Shanghai Healing Home

In: Stories Travel Information

On: August 19, 2015

Waking this morning I felt fresher and more sprightly. So I packed my bags because today I am off to another hostel after volunteering.

The 1 and half hour trip to the Orphanage went smoothly, my driver picked me up from the Subway Station on time and I was at the Shanghai Healing Home ready to volunteer except they were not expecting me. When I found the nurse, who was the only person who spoke English, we sorted everything out. I explained I had a little bit of a cold and she suggested it best that I sit with the 3 year olds and take a small group downstairs to read and play with their toys. A group of 6 of us congregated in the play area just as two very kind Americans ladies arrived to volunteer, as they do every Tuesday.

This made this whole experience much nicer because they knew the history of the children and they took photos which they very generously sent to me.

I read the group a story, which reminded me of tens years ago when I was nursery nurse. The children then selected and played with a variety of toys. The older children in the group who were six years old have pretty good english skills, which could come in handy for them in the future, if everything goes there way.

I found out that the older children, who are still at the Orphanage, can not be adopted because they have never received a national identity number because their birth was not registered. This makes it impossible to be adopted and acquiring a number is expensive, time consuming and very difficult leaving these children in limbo. I asked what would happen when the reached 18. The best guess is that they would have to work cash in hand jobs to survive.

I also discovered that the Shanghai Healing Home is a secondary home for children requiring additional care like operations and each child is generally assigned to another orphanage somewhere else in China, from where they will return, if not adopted and if they recover.

Charities have created drop boxes which are warm, sheltered and safer places for babies to be left because I assume it was becoming difficult to find babies left in more random and slightly more dangerous places. As I said before most have some physical deformity, usually a cleft palette. I am not sure how much the one child policy along with the projected medical costs result in babies being left to be discovered in the box but there certainly is a motivation and pressure of some kind that leaves new parents feeling that this is their best option.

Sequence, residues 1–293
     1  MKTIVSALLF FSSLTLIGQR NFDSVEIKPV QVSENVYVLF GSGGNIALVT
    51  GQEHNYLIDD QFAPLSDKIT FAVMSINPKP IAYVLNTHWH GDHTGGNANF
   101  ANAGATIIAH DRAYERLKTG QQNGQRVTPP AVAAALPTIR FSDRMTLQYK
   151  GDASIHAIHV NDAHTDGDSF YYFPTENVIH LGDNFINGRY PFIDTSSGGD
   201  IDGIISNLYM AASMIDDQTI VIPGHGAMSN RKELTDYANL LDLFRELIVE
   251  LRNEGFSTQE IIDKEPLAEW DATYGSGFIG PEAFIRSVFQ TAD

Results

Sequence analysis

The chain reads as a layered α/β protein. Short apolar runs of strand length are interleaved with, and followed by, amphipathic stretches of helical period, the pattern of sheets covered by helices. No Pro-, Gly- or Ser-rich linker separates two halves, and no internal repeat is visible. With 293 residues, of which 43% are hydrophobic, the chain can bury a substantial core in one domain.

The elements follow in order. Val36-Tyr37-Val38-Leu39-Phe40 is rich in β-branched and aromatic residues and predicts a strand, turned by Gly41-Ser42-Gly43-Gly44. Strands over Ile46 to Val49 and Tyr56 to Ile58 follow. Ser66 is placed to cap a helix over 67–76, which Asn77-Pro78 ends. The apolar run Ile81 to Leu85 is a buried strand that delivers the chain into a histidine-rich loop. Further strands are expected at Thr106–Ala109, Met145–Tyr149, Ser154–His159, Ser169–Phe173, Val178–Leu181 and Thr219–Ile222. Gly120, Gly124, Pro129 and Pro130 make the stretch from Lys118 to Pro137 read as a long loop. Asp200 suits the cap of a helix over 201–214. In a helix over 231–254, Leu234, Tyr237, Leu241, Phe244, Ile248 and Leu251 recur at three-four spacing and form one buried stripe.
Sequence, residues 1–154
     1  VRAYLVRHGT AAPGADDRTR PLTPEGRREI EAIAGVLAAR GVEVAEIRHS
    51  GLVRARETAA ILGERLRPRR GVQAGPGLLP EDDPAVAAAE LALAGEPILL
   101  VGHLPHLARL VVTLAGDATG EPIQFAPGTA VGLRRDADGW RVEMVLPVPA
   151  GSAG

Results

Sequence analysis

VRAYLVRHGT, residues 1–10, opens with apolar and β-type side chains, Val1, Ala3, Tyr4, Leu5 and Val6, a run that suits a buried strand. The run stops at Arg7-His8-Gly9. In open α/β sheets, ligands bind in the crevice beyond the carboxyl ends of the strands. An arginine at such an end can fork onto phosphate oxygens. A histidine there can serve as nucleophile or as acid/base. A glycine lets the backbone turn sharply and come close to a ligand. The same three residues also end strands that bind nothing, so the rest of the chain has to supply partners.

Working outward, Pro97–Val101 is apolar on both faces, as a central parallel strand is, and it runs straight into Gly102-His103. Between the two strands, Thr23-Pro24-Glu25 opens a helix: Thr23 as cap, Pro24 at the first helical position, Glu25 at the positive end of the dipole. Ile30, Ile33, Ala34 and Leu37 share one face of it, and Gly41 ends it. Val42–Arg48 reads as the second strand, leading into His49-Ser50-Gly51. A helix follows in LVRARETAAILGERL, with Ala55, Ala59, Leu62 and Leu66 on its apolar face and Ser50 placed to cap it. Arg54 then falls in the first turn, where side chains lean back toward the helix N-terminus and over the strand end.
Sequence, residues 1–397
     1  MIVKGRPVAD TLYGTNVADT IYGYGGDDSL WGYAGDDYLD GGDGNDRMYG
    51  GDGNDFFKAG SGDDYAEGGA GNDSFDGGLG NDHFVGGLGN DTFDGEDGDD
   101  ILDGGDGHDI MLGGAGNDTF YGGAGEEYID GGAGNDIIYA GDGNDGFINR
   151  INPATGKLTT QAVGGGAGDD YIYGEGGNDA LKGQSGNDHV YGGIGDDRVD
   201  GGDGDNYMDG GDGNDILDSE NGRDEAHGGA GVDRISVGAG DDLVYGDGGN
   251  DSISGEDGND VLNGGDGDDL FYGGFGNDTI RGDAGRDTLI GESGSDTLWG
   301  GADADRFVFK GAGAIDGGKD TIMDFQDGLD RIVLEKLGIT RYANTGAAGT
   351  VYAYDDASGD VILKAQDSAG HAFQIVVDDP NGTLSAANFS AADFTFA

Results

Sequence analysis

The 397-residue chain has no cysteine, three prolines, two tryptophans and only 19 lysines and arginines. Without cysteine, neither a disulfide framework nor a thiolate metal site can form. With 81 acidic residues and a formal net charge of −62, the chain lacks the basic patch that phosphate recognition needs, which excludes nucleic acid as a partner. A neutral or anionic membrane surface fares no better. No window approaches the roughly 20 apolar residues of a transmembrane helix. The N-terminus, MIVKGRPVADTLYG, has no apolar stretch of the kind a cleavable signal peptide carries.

All the children were very happy, cared for and with a future of possible adoption to a family that would really love and care for them.

The routine is a bit different from what I’d expected. The children had their lunch at 10:30am before having a nap around 11am. Though they are up and playing from 5am. Seeing as I volunteer from 9am to midday this was quite a surprise. For the last hour I sat and smiled at the babies as they played with their toys.

My plan was to go to the Shanghai Healing Home this morning, however yesterday evening I had a fever and felt quite rough. This morning I felt a bit better but not great so I decided it best not to go today. Hopefully I will be feeling better on Friday for my final volunteering session before I fly to South Korea on Monday morning.

If you would like to help any of the children please visit this page and donate through paypal.

Mark

The areas of life I am most interested in are great design, the golden ratio, minimalism, Pareidolia (faces in everyday objects), micro living and finally I will be searching for remarkable human beings who use the power of their mind to achieve amazing effects.

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